The additional aid would follow roughly $4 trillion of relief that Congress approved last year. 

Last year was the highest deficit relative to GDP since World War II.

Decades of over-spending in Washington has resulted in a national debt of almost $28 trillion. That means the U.S. debt is now larger than the U.S. economy. And that gap is expected to widen as Medicare and Social Security costs continue to spiral. 

Reporting for WORLD, I’m Anna Johansen Brown.

I’m Kent Covington.

Straight ahead: Larry Flynt’s immoral legacy.

Plus, a new way to enjoy some very old songs.

This is The World and Everything in It.


MYRNA BROWN, HOST: It’s Friday, February 12th, 2021.

Glad to have you along for today’s edition of The World and Everything in It. Good morning, I’m Myrna Brown.

NICK EICHER, HOST: And I’m Nick Eicher. It’s Culture Friday and so let’s welcome John Stonestreet, president of the Colson Center and host of the Breakpoint podcast.

Now, John, am I peeling you away from television? Are you locked in on the impeachment drama?

JOHN STONESTREET, GUEST: Not even a little bit, even as much as I love good theater, it’s a little over done, really, on both sides at this point and just not really interested.

There’s not really a lot of consequences I think that’s going to come from it and other than I think it’s just going to further embed a fast and loose use of the language within our political discourse, which we don’t need any more of, obviously. But what does incitement mean? What does innocent mean? There’s no real good that can come from this, in my view.

EICHER: Well, let’s talk about a culturally significant passage from the scene. We know that man knows not his time and Larry Flynt—a prominent pornographer from the 1970s—knew not his time. But his time was this week. 

Any reflections on the death of a guy who culturally really changed a lot of things for the worse?

STONESTREET: You know, ideas have consequences as we often say. But ideas don’t have consequences without champions. Ideas grow feet and arms and walk into the world because of people who are able to make them palatable or acceptable or enticing or illicit to the cultural imagination. The two most effective champions of ideas have always been artists and educators. And we talked about this a little bit when Hugh Hefner passed away, that Alfred Kinsey came up with the ideas, but he was creepy. Nobody wanted to claim him. And so Hugh Hefner really took those ideas and embedded them into the culture.

Now, Hugh Hefner was kind of taking — he was really a student of Kinsey’s “pseudoscience.” Larry Flynt was much more just about the perversion side of it, just more about the pure lust side of it. And he also was able to captivate the cultural imagination toward the illicit, so that things that were unthinkable a generation ago became titillating— a couple generations ago, I guess I should say now, became titillating. And now in many ways it’s become normal. The sort of—not just the behavior but the fantasies that he encouraged and embodied in what he produced in his magazine. And I know it’s—I just talked about playing fast and loose with language and I just used the word artist to describe Larry Flynt. So I own that one. But it really is something to learn from, how effectively Hefner and Flynt were able to embody this new sexual ethic and make it completely palatable. And, you know, the thing is, people might argue and say, look, things like Hustler, it’s still considered to be taboo, it’s still considered to be over the line. But the fact is that much of his vision in the early days has been mainstream today. And that sort of pornography is ubiquitous everywhere. I mean, he was basically beaten by new technology that took the same thing and made it more prevalent, more accessible, more in the face, more predatory on children than ever before. So, yeah, he has a legacy and it probably has something to do with a millstone around the neck.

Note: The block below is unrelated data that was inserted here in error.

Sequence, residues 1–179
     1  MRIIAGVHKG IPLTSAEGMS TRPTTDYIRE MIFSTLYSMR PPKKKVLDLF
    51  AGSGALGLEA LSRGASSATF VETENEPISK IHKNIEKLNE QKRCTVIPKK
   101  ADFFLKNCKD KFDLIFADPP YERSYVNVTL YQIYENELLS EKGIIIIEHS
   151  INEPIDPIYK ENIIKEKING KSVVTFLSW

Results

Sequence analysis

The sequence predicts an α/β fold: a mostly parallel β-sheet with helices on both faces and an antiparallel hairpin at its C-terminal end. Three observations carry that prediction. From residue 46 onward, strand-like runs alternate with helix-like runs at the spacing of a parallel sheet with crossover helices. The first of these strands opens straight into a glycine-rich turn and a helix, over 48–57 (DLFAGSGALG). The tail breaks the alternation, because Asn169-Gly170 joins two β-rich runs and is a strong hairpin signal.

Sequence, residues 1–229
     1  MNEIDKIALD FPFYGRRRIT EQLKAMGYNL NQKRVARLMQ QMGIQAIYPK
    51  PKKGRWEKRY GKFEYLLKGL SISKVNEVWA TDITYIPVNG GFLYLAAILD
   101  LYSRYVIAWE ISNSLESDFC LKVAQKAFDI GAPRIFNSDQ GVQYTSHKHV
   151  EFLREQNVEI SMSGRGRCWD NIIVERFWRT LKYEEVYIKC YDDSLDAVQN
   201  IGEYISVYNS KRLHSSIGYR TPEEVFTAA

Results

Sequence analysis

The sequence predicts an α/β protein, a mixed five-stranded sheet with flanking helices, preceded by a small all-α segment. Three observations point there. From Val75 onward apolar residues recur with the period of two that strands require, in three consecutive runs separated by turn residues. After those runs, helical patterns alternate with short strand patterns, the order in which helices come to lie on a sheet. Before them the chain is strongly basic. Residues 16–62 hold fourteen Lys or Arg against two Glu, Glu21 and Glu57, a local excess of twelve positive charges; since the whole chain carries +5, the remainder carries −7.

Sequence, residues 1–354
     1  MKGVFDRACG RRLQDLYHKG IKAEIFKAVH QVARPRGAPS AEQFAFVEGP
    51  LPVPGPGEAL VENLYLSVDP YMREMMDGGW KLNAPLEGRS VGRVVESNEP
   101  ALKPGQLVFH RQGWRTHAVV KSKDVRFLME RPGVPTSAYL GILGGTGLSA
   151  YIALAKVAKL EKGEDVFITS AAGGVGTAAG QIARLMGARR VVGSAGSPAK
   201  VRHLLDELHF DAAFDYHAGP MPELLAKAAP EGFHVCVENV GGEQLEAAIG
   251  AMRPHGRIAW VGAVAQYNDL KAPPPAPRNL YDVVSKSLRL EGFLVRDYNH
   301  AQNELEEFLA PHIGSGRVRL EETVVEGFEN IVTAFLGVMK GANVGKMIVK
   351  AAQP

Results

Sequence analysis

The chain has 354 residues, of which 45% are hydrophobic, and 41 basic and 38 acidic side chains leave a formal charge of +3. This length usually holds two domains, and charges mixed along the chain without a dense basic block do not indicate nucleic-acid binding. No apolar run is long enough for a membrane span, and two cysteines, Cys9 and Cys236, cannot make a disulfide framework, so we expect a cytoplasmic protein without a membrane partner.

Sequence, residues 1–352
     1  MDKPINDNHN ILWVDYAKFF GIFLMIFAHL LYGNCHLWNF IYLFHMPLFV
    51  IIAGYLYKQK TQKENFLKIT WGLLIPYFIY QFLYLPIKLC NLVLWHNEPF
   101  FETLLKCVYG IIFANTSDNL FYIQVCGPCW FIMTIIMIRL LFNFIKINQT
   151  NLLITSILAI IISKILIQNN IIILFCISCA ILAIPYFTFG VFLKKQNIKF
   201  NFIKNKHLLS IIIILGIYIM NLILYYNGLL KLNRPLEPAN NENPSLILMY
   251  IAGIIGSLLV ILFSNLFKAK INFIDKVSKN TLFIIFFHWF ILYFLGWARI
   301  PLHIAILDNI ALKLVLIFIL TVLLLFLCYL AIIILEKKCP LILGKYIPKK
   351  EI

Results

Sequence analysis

EICHER: You know, and just thinking this through, John, the idea that Flynt’s transgressions have arrived in the mainstream and digitally instead of on paper and plain brown wrapper. 

So is there even anybody like Larry Flynt anymore? Isn’t he sort of the passing of the guard where that’s concerned? 

Are there any of these sorts of reviled figures like this pushing boundaries that you can point to?

STONESTREET: Well, there’s a couple different ways to look at that. I mean, number one is obviously there’s a whole lot of backlash against things like PornHub and some of the big players in that industry today. But it’s not coming out of grounding of sexual morality. It’s coming out of the only ground for sexual morality that a culture has left when they’ve given up on sexual morality, which is this kind of flimsy notion of “consent.” So, it is the accusations of abuse of women and children, which of course PornHub is guilty of, that is causing all the trouble for them. And rightly so. But it’s not based on any sort of structure or moral structure around what sex is or what sex is for or how we should properly order our sexual lives and how we should govern them within a life together. 

So, that’s one way to look at it. The other way to look at it is to say, yeah, there’s lots of people that are as edgy as Larry Flynt. They’re just called mainstream entertainers. Cardi B. I’m old enough to remember because it was just last year that the number one song in America for a long time was a celebration of just horrific behavior by two female rappers who still earn the title historic, ground-breaking, revolutionary, poetic, artistry in our culture. So, you know, I don’t know that he pushed any lines any further than Cardi B is today.